Taking a little time to think about how your email looks from the standpoint of the recipient can go a long ways toward presenting a professional image. Here are eight things you should check to make sure, that when you send an email, it conveys the image you want.
- Setting Up Your Name to Show up Instead of Your Address – When you send an email, it should show your name in the “from” field. Sometimes people have it set to just show their email address. The worst setup is when it shows something like “NA.”
This is an example of how your emails should not look to someone else:
This is an example of how the” to” field should appear when someone receives your message:
- Include Your Full Name – Some people like to use just their first name, but when the person receiving your message is scanning a list and sees “Tom,” it may be difficult for them to know which “Tom” the message is from.
- Don’t Use a Nickname – I get emails from SmoothGeek and similar names. It is frustrating to try to figure out who the person really is. There might be a reason to use a nickname if you are concerned about privacy, but be prepared for people not to take you seriously because there doesn’t seem to be a real person standing behind the email.
- Avoid Complicated Formatting – Keep in mind that the email that looks really nicely formatted on your email client may get butchered by your recipient’s.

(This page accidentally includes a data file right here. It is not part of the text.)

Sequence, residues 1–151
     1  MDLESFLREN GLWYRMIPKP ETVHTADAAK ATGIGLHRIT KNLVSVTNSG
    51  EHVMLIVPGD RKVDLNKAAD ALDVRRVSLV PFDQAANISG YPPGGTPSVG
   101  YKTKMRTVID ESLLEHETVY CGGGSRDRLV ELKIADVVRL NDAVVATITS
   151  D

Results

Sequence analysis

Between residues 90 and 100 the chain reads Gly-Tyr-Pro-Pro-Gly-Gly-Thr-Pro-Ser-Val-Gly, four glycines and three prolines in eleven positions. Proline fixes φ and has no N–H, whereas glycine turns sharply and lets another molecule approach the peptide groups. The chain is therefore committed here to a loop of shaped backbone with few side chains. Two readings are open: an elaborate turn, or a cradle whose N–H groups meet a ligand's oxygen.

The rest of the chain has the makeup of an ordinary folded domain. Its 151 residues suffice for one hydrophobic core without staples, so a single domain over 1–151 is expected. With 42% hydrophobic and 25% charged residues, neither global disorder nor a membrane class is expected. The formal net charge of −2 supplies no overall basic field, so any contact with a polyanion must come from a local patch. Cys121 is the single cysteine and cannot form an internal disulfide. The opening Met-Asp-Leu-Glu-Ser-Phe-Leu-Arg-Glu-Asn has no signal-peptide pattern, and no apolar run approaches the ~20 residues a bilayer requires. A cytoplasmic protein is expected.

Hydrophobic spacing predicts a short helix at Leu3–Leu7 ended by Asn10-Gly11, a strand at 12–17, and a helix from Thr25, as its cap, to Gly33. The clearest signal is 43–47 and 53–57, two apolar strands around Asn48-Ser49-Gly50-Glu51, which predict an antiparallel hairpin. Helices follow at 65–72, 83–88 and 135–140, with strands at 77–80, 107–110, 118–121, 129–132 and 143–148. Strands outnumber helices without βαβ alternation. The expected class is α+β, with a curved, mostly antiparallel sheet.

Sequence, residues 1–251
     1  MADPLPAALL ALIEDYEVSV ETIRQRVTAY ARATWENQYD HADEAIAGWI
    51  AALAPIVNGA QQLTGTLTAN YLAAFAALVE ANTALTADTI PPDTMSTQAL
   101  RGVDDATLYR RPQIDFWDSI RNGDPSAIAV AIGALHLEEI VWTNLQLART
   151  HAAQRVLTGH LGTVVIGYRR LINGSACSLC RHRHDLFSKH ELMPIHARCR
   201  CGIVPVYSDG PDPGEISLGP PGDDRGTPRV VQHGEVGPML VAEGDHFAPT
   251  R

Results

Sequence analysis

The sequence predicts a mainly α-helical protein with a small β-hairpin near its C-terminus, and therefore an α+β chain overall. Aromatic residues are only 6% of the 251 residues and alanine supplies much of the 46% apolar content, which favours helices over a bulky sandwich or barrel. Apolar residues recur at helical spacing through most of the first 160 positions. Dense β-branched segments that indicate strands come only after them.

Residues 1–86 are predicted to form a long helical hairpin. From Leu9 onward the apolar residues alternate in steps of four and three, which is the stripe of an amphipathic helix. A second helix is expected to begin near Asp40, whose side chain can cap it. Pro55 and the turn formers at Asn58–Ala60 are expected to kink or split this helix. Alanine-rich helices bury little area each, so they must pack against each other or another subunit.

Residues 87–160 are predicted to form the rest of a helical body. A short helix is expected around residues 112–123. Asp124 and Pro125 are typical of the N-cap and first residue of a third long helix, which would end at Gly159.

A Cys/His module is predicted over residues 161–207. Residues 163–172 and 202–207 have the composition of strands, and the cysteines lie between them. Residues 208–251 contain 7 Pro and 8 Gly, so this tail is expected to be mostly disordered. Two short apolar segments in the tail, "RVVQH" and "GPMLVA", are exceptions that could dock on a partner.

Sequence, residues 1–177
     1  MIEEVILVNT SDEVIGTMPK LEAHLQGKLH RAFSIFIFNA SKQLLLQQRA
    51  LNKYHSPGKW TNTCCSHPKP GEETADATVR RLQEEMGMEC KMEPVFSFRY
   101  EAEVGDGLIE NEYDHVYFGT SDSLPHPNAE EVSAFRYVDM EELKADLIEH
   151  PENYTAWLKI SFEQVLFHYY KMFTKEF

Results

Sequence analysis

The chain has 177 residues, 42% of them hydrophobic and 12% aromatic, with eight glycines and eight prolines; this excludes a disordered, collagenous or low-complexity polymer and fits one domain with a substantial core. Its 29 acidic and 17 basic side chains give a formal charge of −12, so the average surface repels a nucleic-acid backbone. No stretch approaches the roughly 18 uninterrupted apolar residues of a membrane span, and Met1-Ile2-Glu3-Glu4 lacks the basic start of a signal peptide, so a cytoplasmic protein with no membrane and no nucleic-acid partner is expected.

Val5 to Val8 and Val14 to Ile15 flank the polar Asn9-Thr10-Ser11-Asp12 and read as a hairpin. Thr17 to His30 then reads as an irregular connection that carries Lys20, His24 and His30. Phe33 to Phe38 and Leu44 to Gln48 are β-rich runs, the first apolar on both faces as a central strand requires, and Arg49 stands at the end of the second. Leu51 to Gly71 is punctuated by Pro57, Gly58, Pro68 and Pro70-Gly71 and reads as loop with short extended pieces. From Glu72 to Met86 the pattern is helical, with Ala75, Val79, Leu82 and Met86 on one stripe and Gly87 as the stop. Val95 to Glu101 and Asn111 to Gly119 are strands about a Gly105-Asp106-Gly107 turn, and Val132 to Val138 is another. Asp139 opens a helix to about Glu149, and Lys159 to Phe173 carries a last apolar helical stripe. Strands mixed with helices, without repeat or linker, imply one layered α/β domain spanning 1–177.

- Use Something Professional for the Username – [email protected] might have seemed like a good idea at the time. It might be great for your friends who get the joke, but someone who doesn’t know you may not draw the same conclusions. Here are some ideas to help get you started:
- Use Your Own Domain – If you run www.mysite.com you should be able to send and receive mail from [email protected]. This isn’t as difficult as it sounds. If you like Gmail, you can get a customized version of the service for free by signing up here. The instructions are easy to follow. (If there is interest in seeing a walk through of how to use this, please leave a message in the comments and I’ll try to put something together.)
- Use Templates for Email – If you find yourself sending similar emails, you should probably invest in a template program. (MailTemplate for OS X is what I use.) Instead of starting each email from scratch a template will let you create a reply and automatically fill in certain fields (recipient name, etc.). You can then customize the message, but it is a lot easier to avoid mistakes if you aren’t starting from scratch each time. For example, I use this when people unsubscribe from the Email RSS feed. It grabs their email address from the notification messages and pre-populates an email with a message thanking them for trying the email list. While it would only take a few moments to write the email myself, the template helps make sure I don’t make a silly mistake and it is fast enough that I don’t put the task off for later.
- Avoid Long Signatures – Two to four lines should be more than enough. Resist the urge to include several paragraphs or your biography. Include a link. If someone wants to know more, they can follow it without cluttering up your messages. If you do go with a longer signature, don’t include it on your replies. Let people see it once, but don’t keep throwing it in their faces for the rest of the exchange.